Answer to Question #24943 in Astronomy | Astrophysics for leah rabuku
energy at a rate
Eb = σT
where σ is the Stefan-Boltzmann constant, given by σ = 5.67 × 10−8 W m−2 K−4
If we assume that the Earth acts as a black body of radius R with eﬀective(radiative)
temperature Te, and that it is in radiative equilibrium, then
e = πR2
(1 − a)Q,
Te =!(1 − a)Q4σ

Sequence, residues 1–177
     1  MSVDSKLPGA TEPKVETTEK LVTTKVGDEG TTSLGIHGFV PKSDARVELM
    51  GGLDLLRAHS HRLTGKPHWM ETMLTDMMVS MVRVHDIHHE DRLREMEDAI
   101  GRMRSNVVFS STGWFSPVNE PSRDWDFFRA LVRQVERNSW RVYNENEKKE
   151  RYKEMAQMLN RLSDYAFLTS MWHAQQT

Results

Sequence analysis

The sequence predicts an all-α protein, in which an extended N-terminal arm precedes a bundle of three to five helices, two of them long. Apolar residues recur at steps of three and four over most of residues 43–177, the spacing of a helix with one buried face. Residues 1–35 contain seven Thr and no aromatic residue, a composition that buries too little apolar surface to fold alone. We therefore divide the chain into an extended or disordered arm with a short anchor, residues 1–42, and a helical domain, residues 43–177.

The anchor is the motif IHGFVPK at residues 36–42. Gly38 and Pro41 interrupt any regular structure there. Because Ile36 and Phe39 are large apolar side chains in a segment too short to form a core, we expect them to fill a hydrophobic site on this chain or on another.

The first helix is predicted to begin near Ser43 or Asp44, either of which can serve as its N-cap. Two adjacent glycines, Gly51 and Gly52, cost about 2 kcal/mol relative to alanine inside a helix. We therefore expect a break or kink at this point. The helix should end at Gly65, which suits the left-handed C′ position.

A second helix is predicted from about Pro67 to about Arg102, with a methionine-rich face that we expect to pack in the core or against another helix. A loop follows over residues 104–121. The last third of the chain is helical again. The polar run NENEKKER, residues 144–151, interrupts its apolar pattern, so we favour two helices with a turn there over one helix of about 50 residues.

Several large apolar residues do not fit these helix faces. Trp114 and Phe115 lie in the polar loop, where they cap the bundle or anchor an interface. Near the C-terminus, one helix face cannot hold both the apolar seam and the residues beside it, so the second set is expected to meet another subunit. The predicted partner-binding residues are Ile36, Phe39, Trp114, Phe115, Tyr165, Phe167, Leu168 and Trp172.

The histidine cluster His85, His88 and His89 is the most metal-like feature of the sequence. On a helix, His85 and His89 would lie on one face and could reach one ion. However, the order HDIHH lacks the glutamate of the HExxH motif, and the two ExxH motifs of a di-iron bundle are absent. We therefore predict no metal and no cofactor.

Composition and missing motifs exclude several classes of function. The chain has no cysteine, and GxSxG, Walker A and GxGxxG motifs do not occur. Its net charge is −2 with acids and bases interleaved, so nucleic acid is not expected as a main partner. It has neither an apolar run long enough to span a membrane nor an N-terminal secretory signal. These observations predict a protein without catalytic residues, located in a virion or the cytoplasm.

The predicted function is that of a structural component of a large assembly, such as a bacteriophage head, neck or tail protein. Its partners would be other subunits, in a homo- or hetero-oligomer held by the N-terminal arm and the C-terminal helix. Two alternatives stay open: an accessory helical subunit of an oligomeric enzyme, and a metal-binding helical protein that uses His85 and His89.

Computing this value for the Earth using the parameters above yields Te ≈ 255 K. A bit chilly, but not in fact all that bad! Actually, if the average eﬀective temperature is measured(Tm) via the black body law from direct measurements of emitted radiation, one ﬁnds Tm ≈ 250 K, which compares well with Te. On the other hand, the Earth’s (average) surface temperature is Ts ≈ 288 K. The fact that Ts > Te is due to the greenhouse eﬀect,to which we will return later. First we must deal in some more detail with the basic mechanisms of radioactive heat transfer.
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